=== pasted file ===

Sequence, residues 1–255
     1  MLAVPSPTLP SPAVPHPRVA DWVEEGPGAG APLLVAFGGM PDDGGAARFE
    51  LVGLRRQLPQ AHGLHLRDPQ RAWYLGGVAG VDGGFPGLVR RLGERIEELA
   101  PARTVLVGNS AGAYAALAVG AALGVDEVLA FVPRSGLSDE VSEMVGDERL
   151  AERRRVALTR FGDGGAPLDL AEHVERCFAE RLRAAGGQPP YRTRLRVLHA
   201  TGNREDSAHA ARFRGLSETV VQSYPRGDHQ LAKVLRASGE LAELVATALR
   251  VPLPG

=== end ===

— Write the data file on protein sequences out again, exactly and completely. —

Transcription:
Sequence, residues 1–255
     1  MLAVPSPTLP SPAVPHPRVA DWVEEGPGAG APLLVAFGGM PDDGGAARFE
    51  LVGLRRQLPQ AHGLHLRDPQ RAWYLGGVAG VDGGFPGLVR RLGERIEELA
   101  PARTVLVGNS AGAYAALAVG AALGVDEVLA FVPRSGLSDE VSEMVGDERL
   151  AERRRVALTR FGDGGAPLDL AEHVERCFAE RLRAAGGQPP YRTRLRVLHA
   201  TGNREDSAHA ARFRGLSETV VQSYPRGDHQ LAKVLRASGE LAELVATALR
   251  VPLPG